Tyler came home in adoption one year ago, after five years of foster care. On October 15, I placed him in a group home. It is hard to describe the pain of realizing that you are going to have to place your child in a facility. This is your child, someone else will be raising him now, and for a long time you will be a very small part of your child’s day-to-day life. Failure? Yes, it feels that way. Surely, there must have been something I could have done differently? Yes, the first time you have to place a child that feeling is very strong, two of my older sons had to have placements in a residential treatment. I knew that I had tried everything with Tyler that I was capable of doing. The pain is difficult to describe, it is so bad that it is difficult to breath, very much like the feeling of someone dying that you are very close to.
Tyler, age 12, is my youngest son. He came home October 29th, from foster care. This was straight adoption, meaning no foster period, adoption from day one. On April 15th, we finalized our adoption in court.
This was my first instate adoption, and Tyler’s worker’s first straight adoption. CA does do some things differently, but mostly it was very smooth and well thought out. The worker and I only got to hissing at each other twice. That is remarkable considering the problems that had to be addressed.
Our guest blog is from John, a retired commercial airline pilot who has adopted five boys from domestic foster care as a single parent. John and his family live in southern California.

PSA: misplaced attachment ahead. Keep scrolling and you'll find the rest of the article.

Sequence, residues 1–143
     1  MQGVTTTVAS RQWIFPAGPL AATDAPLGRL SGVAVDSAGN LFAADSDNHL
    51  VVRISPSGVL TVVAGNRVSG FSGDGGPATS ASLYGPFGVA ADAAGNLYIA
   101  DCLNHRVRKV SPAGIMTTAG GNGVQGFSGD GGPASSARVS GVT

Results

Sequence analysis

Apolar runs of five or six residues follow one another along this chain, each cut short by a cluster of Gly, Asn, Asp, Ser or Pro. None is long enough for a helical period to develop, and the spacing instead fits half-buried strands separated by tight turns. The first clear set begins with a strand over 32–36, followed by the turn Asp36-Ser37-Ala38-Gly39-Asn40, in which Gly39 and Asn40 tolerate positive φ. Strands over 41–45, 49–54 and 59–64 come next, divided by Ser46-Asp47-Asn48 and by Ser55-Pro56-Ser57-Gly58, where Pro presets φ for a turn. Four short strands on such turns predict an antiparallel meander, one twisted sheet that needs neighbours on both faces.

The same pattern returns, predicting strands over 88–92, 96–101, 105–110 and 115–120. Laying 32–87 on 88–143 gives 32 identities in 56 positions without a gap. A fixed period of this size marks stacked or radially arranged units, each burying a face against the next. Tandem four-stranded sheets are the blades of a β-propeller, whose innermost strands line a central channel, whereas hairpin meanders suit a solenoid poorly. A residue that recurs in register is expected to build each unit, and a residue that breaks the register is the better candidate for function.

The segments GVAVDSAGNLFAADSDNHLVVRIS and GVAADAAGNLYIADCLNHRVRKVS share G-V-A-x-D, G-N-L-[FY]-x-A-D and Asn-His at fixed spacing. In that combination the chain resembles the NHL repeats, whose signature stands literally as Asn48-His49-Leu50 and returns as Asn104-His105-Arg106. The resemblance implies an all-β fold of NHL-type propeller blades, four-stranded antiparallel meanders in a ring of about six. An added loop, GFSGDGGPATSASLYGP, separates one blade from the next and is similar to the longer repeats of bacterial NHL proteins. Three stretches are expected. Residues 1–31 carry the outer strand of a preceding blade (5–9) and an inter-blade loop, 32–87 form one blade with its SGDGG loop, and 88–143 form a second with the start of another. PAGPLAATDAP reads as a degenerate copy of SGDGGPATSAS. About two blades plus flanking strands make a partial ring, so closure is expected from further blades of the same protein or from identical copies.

Michael, (aka Califdads), brought out an important issue, the view that Dads are usually seen as auxiliary parents to Moms. Michael and his husband would tend to get the most disbelief on being the only parents due to the age of their sons, one only a few weeks old, and the other just entering toddlerhood. Surely, men are not suited to raise children without a Mom to be the primary parent, especially with very young children. Why? Other than breast-feeding, what unique talents do women have that automatically makes them a likely better parent than a Dad? Let’s look at this.
Our guest blog is from John, a retired commercial airline pilot who has adopted four boys, and working on number 5, from domestic foster care as a single parent. John and his family live in southern California.
Adopting an older child from foster care has advantages over infant adoption. Agency fees and direct adoption costs are much less. We hear of $40,000 for an infant adoption and compare that to perhaps $3,000 or less for agency costs. Yes, there is visitation, but that still doesn’t get us to a lot more. Another advantage is that you have a good idea of the personality and traits of the child you are adopting. For some of us, no diapers, is also a large advantage.
There are some disadvantages that are real considerations. First, there is no diaper stage, for those who really do need to start from day one. If he is 11, you will never get to have any of his experiences in those first 10 years. Trust me, you miss that, lots of firsts that other people did with your son. Then there is the biggie, what your son has lived through. This child did not become available for adoption because the stork brought him; he suffered abuse, neglect, abandonment or a combination of these. The degree of badness has to be very substantial for the judge to agree to terminate parental rights so that the child is available for adoption.